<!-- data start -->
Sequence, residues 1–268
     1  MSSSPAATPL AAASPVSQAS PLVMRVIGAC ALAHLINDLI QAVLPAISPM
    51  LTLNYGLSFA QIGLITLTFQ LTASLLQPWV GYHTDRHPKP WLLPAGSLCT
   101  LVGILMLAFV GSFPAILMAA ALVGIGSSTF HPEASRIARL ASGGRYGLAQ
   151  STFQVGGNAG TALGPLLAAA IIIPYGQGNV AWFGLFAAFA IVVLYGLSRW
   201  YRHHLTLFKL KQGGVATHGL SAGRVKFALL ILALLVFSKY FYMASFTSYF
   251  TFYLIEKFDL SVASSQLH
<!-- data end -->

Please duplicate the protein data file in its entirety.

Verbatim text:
Sequence, residues 1–268
     1  MSSSPAATPL AAASPVSQAS PLVMRVIGAC ALAHLINDLI QAVLPAISPM
    51  LTLNYGLSFA QIGLITLTFQ LTASLLQPWV GYHTDRHPKP WLLPAGSLCT
   101  LVGILMLAFV GSFPAILMAA ALVGIGSSTF HPEASRIARL ASGGRYGLAQ
   151  STFQVGGNAG TALGPLLAAA IIIPYGQGNV AWFGLFAAFA IVVLYGLSRW
   201  YRHHLTLFKL KQGGVATHGL SAGRVKFALL ILALLVFSKY FYMASFTSYF
   251  TFYLIEKFDL SVASSQLH